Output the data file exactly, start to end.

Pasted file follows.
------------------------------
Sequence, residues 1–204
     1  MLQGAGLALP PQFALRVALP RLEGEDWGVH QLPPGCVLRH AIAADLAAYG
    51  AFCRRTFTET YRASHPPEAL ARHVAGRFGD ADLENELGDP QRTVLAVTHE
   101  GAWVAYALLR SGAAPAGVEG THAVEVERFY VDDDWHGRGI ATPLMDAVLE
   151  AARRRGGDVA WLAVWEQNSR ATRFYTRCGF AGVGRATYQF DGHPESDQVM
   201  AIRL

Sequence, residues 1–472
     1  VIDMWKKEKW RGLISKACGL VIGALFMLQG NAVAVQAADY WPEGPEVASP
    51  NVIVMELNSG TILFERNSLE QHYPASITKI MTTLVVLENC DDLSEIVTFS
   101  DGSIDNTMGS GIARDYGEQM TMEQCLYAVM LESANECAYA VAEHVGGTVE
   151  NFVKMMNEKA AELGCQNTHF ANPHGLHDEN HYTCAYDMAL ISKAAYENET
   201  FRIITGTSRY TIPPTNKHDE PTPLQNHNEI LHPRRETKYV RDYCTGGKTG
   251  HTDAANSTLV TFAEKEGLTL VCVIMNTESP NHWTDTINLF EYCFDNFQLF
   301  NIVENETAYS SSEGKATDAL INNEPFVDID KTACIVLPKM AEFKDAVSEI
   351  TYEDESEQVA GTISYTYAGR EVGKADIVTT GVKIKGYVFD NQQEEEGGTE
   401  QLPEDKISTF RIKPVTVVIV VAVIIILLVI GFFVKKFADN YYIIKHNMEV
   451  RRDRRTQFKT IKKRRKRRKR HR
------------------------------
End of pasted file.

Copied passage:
Sequence, residues 1–204
     1  MLQGAGLALP PQFALRVALP RLEGEDWGVH QLPPGCVLRH AIAADLAAYG
    51  AFCRRTFTET YRASHPPEAL ARHVAGRFGD ADLENELGDP QRTVLAVTHE
   101  GAWVAYALLR SGAAPAGVEG THAVEVERFY VDDDWHGRGI ATPLMDAVLE
   151  AARRRGGDVA WLAVWEQNSR ATRFYTRCGF AGVGRATYQF DGHPESDQVM
   201  AIRL

Sequence, residues 1–472
     1  VIDMWKKEKW RGLISKACGL VIGALFMLQG NAVAVQAADY WPEGPEVASP
    51  NVIVMELNSG TILFERNSLE QHYPASITKI MTTLVVLENC DDLSEIVTFS
   101  DGSIDNTMGS GIARDYGEQM TMEQCLYAVM LESANECAYA VAEHVGGTVE
   151  NFVKMMNEKA AELGCQNTHF ANPHGLHDEN HYTCAYDMAL ISKAAYENET
   201  FRIITGTSRY TIPPTNKHDE PTPLQNHNEI LHPRRETKYV RDYCTGGKTG
   251  HTDAANSTLV TFAEKEGLTL VCVIMNTESP NHWTDTINLF EYCFDNFQLF
   301  NIVENETAYS SSEGKATDAL INNEPFVDID KTACIVLPKM AEFKDAVSEI
   351  TYEDESEQVA GTISYTYAGR EVGKADIVTT GVKIKGYVFD NQQEEEGGTE
   401  QLPEDKISTF RIKPVTVVIV VAVIIILLVI GFFVKKFADN YYIIKHNMEV
   451  RRDRRTQFKT IKKRRKRRKR HR